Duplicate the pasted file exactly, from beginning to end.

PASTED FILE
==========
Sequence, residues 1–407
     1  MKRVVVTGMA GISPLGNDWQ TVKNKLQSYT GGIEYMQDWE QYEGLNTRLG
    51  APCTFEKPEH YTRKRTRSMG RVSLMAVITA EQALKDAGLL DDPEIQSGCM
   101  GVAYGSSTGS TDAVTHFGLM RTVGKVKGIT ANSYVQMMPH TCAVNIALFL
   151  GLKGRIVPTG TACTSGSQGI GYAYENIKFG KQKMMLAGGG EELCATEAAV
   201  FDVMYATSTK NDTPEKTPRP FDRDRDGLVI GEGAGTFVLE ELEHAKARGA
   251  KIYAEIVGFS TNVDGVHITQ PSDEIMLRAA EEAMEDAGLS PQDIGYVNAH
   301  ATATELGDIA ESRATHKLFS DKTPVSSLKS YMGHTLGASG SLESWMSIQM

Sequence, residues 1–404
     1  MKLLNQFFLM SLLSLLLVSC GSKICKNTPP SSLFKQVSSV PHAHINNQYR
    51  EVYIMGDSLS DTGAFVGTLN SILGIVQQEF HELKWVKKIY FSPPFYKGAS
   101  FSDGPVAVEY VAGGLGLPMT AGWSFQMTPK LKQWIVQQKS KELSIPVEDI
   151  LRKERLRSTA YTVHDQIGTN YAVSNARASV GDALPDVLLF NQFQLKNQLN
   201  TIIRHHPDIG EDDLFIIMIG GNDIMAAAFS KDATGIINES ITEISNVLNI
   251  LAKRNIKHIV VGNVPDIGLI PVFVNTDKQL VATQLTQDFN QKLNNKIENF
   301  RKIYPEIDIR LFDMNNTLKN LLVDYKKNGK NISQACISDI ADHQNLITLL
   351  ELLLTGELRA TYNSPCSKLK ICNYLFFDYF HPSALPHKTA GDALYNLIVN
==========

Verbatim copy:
Sequence, residues 1–407
     1  MKRVVVTGMA GISPLGNDWQ TVKNKLQSYT GGIEYMQDWE QYEGLNTRLG
    51  APCTFEKPEH YTRKRTRSMG RVSLMAVITA EQALKDAGLL DDPEIQSGCM
   101  GVAYGSSTGS TDAVTHFGLM RTVGKVKGIT ANSYVQMMPH TCAVNIALFL
   151  GLKGRIVPTG TACTSGSQGI GYAYENIKFG KQKMMLAGGG EELCATEAAV
   201  FDVMYATSTK NDTPEKTPRP FDRDRDGLVI GEGAGTFVLE ELEHAKARGA
   251  KIYAEIVGFS TNVDGVHITQ PSDEIMLRAA EEAMEDAGLS PQDIGYVNAH
   301  ATATELGDIA ESRATHKLFS DKTPVSSLKS YMGHTLGASG SLESWMSIQM

Sequence, residues 1–404
     1  MKLLNQFFLM SLLSLLLVSC GSKICKNTPP SSLFKQVSSV PHAHINNQYR
    51  EVYIMGDSLS DTGAFVGTLN SILGIVQQEF HELKWVKKIY FSPPFYKGAS
   101  FSDGPVAVEY VAGGLGLPMT AGWSFQMTPK LKQWIVQQKS KELSIPVEDI
   151  LRKERLRSTA YTVHDQIGTN YAVSNARASV GDALPDVLLF NQFQLKNQLN
   201  TIIRHHPDIG EDDLFIIMIG GNDIMAAAFS KDATGIINES ITEISNVLNI
   251  LAKRNIKHIV VGNVPDIGLI PVFVNTDKQL VATQLTQDFN QKLNNKIENF
   301  RKIYPEIDIR LFDMNNTLKN LLVDYKKNGK NISQACISDI ADHQNLITLL
   351  ELLLTGELRA TYNSPCSKLK ICNYLFFDYF HPSALPHKTA GDALYNLIVN